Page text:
FN-2187 stammers apologies, thankful for the way that his own helmet hides the sweat dampening his brow or the way that his nostrils just won’t (can’t) stop flaring. At one point, when he tells the woman before him that he got lost in the maze of hallways, she scoffs at him and shakes her head.
“Designation?” She spits the syllables out as though the act of having to ask for it in the first place angers her.
When he tells her his designation, she nods and then turns on her heel, walking into the room as if expecting him to follow.
Of course he does.
Without turning around, she tells him that, “FA-6391. While you’re in my section, you will call me ‘Nurse’. Outside of it, you won’t speak of me at all. Understood?”
FN-2187 nods and then, after realizing that Nurse can’t see him, vocalizes his acquiescence.
Nurse leads FN-2187 to a changing room and hands him a neatly folded pile of fabric topped by a pair of soft-soled shoes.
“Clean yourself and then change,” she says in that sharp voice. “When you are done, you will be working in the room directly opposite this one. Your palm-print has already been coded to the doors.”
Before FN-2187 can open his mouth to voice a question or even to comment, Nurse strides away. She doesn’t look back at him and despite the fact that he’s only been in her presence for a few moments, he isn’t surprised.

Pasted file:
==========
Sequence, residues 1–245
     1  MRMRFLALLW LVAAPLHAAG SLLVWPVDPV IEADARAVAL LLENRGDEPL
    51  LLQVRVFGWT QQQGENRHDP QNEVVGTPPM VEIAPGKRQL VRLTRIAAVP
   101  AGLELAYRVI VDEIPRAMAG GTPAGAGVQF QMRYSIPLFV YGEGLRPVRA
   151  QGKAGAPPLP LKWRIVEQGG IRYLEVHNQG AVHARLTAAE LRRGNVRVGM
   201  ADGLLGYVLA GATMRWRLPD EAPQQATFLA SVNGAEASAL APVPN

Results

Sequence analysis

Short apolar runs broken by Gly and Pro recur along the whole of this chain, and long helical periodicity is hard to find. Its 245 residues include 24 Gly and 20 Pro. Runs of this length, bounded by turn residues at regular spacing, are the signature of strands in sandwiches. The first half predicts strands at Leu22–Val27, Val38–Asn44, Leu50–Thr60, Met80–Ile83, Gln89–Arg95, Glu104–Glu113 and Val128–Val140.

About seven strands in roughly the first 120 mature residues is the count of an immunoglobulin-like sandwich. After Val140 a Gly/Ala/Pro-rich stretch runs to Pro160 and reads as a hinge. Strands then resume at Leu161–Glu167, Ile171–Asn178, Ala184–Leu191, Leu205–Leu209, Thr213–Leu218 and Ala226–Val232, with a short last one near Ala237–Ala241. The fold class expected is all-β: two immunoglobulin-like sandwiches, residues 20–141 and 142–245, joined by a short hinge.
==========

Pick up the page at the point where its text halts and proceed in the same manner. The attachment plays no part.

FN-2187 cleans himself quickly, but thoroughly. He takes extra time on his hands, making sure that his nails are clean and not ragged. He also, for reasons that he can’t imagine voicing even when alone, takes the time to stare at the dark brown skin of the back of his hands and the paler skin of his palms. Of course, he’s seen his own hands, his own body. (Rarely his own face, however. Oneness and sameness are goals of the First Order and there are no mirrors in their rooms or at cleaning stations. FN-2187 hasn’t seen his own face in months – or maybe years.)
However, he never has the time to simply… look. He allows himself a minute, no more, and then dresses. He feels naked without his uniform, without his helmet, but he forces himself to turn and walk out of the room to his new, temporary assignment.
“You – you want me to work with-with babies?” FN-2187 stammers, staring at Nurse with wide eyes.
Nurse shakes her head, the gesture sharp enough to make the bun atop her head shake from the motion. “These are toddlers,” she says, her voice softer than before though no less cutting. “One to three years old and freshly weaned from their formula.”
The sentence makes FN-2187 wonder if there are younger children in the creche then, younger babies. Torn away from their parents before they can even eat solid food and –
No. He refuses to think of that. Of children stolen from or sold by their families and taken into the First Order’s control. Not now, not with his face bare.
Instead, FN-2187 schools his face into what he hopes appears to be a neutral expression and tries to appear eager to learn. (But not too eager.) When he asks, “what will my duties be,” Nurse’s features briefly soften with what almost looks like a smile.